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Requests for Proposals

Enduring Impacts: Archaeology of Sustainability

Photograph by Massimo Bassano

The Enduring Impacts: Archaeology of Sustainability Request for Proposal (RFP) focuses on the gathering and analysis of archaeological, paleoenvironmental, and paleoclimatological data for the purposes of increasing our understanding of human-environmental interactions over time, to ultimately contribute to mitigating contemporary environmental and climatic crises. Current issues like climate change, overpopulation, disruptions in food security, and loss of habitat and biodiversity are threats that were faced and sometimes overcome by societies in the past. While the challenges we face today may be unprecedented in scale and demographic impact, there is a wealth of information on how people articulated with, mediated, and in many cases impacted long-term environmental trends over millennia. This knowledge can be employed in the development of future strategies in environmental sustainability- and resilience-building, and in understanding how human actions in the past continue to affect present-day communities in their ability to tackle environmental and climatic challenges. 

Ideal grant applications for this RFP would consist of research projects that are

  • scientifically rigorous and multidisciplinary; 

  • integrate traditional ecological knowledge systems where applicable and appropriate;

  • seek stakeholding community buy-in from the outset of the project; 

  • have a robust external capacity development component; and 

  • produce archaeological, climatological, and environmental datasets that can be used in the creation of solutions for contemporary environmental issues in collaboration with local communities and/or policymakers.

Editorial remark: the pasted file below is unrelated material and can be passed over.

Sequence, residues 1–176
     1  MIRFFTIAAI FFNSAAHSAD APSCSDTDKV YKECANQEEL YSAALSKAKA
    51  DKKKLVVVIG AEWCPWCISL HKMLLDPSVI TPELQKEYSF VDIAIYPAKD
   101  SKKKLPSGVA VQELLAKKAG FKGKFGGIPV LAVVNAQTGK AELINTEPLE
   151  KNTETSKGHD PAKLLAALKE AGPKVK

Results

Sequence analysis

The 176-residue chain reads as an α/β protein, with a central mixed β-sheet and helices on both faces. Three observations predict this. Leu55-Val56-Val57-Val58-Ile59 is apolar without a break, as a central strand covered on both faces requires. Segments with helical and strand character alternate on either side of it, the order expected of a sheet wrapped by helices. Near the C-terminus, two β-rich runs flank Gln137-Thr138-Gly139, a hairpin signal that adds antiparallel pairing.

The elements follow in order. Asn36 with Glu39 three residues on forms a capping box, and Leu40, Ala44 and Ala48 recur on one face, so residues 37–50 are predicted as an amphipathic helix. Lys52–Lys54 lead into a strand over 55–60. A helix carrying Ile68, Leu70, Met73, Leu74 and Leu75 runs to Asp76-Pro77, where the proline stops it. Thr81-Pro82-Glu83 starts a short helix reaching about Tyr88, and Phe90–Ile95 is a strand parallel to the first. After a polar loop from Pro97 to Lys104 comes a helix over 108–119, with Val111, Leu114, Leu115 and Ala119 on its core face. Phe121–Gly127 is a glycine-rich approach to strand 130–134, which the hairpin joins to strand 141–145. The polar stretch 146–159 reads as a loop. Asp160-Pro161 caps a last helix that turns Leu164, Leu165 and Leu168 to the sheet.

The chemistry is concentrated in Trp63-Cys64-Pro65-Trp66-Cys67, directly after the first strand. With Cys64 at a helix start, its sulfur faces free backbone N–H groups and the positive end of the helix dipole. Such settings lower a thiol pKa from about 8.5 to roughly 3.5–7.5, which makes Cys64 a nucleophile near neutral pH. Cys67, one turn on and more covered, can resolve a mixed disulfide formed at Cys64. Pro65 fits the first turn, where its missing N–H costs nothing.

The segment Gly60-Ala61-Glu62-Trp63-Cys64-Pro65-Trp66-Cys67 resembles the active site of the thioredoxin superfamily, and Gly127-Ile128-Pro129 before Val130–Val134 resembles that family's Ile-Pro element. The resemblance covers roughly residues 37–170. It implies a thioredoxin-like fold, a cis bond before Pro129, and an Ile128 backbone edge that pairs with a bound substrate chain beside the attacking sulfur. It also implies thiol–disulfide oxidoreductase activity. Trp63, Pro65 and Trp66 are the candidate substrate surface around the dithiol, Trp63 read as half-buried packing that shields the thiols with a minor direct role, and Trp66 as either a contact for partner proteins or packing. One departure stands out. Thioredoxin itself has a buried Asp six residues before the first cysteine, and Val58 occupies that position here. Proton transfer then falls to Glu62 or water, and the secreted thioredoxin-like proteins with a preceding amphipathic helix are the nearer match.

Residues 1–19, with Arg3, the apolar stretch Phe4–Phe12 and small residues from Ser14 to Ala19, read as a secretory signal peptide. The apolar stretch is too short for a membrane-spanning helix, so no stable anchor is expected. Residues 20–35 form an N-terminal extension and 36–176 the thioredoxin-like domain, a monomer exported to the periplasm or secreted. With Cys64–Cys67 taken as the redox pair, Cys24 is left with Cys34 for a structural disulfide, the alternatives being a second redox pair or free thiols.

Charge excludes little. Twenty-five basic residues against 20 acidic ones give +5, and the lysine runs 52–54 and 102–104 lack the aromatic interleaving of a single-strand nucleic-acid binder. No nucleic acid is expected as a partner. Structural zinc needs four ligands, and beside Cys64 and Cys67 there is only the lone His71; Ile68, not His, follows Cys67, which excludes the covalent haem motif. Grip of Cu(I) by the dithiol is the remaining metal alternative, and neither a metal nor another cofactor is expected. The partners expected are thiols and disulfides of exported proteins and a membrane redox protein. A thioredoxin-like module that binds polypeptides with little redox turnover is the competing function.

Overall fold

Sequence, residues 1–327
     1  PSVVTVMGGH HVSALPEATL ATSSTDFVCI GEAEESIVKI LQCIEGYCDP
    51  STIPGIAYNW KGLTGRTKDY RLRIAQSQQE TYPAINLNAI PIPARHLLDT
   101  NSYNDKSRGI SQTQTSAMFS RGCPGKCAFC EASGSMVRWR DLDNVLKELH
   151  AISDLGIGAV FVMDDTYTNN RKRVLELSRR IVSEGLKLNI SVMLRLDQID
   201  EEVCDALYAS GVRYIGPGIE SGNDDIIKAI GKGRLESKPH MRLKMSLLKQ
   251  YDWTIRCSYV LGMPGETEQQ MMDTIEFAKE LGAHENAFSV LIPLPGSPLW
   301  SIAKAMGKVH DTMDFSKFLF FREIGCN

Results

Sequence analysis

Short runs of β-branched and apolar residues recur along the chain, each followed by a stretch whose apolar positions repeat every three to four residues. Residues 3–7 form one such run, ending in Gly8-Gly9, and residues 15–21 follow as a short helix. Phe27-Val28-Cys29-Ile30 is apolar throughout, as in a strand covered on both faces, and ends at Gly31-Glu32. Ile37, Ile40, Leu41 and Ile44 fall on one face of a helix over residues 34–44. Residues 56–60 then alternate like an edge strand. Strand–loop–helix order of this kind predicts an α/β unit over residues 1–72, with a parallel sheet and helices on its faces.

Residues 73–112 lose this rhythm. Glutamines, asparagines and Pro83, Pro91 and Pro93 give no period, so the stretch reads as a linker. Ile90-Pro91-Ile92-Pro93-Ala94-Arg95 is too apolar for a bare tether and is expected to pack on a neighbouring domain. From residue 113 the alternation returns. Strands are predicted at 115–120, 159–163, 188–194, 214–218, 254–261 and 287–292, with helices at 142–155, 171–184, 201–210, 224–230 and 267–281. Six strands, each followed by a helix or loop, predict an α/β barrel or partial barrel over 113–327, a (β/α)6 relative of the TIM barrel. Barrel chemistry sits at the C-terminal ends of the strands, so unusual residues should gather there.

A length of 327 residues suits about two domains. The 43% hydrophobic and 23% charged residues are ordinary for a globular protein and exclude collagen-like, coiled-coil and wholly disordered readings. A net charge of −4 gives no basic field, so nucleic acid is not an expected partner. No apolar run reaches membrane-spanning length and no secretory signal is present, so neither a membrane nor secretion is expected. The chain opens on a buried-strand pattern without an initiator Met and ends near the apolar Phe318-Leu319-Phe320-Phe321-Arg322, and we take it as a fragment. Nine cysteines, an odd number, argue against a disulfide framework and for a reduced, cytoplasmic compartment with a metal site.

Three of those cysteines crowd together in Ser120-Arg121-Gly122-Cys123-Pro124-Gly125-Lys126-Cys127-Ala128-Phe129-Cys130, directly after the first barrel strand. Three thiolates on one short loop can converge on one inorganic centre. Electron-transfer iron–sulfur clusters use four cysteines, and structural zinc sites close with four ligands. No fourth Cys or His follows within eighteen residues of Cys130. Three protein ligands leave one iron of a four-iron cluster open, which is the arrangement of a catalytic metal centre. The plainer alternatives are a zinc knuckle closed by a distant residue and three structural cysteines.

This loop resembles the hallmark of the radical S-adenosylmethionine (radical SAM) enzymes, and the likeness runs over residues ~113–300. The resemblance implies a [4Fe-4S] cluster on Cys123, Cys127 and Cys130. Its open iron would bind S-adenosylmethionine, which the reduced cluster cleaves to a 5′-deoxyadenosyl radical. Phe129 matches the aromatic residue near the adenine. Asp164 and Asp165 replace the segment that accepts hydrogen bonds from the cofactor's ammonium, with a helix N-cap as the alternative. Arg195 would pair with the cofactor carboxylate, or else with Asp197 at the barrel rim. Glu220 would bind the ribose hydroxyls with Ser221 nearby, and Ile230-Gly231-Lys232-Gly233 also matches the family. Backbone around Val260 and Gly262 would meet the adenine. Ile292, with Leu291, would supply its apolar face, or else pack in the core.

Please note: We have postponed the original deadline for this opportunity in response to global disruptions from the coronavirus disease (COVID-19). October 21, 2020, is the next deadline to submit a proposal for this funding opportunity.


Proposals should address the following goals:

  1. To investigate human-environmental interactions over time, focusing on environmental conservation knowledge, practices, and technologies employed by past societies, and their impact on contemporary populations’ ability to mitigate environmental and/or climatic stress.
  2. To explore how effective present-day environmental conservation strategies can be improved, diversified, and expanded based on knowledge about past societies’ articulation with the environment.
  3. To delineate how the project’s results can be used to create culturally and environmentally suitable conservation strategies at the policy level and/or collaborate with local communities to build sustainable environmental practices and strengthen resilience in the face of climatic change.

We anticipate there will be a future funding opportunity for Enduring Impacts projects that produce relevant datasets and demonstrate public buy-in to apply the results produced in the creation of solutions to contemporary environmental issues. The future call would support the implementation and/or scaling of local community-based environmental conservation projects and/or collaborations with policymakers, urban planners, and disaster managers.

Applicants may request up to $80,000. Budgets of successful proposals will include reasonable and well-justified costs that relate directly to the project. Please refer to the Preparing Your Proposal page for the most up-to-date budgetary guidance.

We are particularly interested in research proposals that generate one or more of the following outputs: 

  • New archaeological, paleoenvironmental, and paleoclimatological datasets on human-environmental interactions that lead to increased knowledge of environmental sustainability and resilience behavior in archaeological contexts.

  • Local partnerships for collaboration (i.e., local communities and/or policymakers), with the future goal to implement data gathered during the project in the mitigation of contemporary environmental issues.

All applications should explicitly state the plan for evaluating the impact of the proposed work. If awarded, applicants will be expected to work with the National Geographic Society’s Metrics, Evaluation, and Research team to develop and implement plans for pre/post assessment of stakeholding communities.

For More Information

For more information about this RFP, please consult our Frequently Asked Questions here.

Six webinars about this RFP, and how to apply, will be held on February 25, February 27, March 11, March 13, March 24, March 26, 2020. Sign up for the webinars here

If you have questions not answered here or in the Frequently Asked Questions page, please email us at with “Enduring Impacts” in the subject line.

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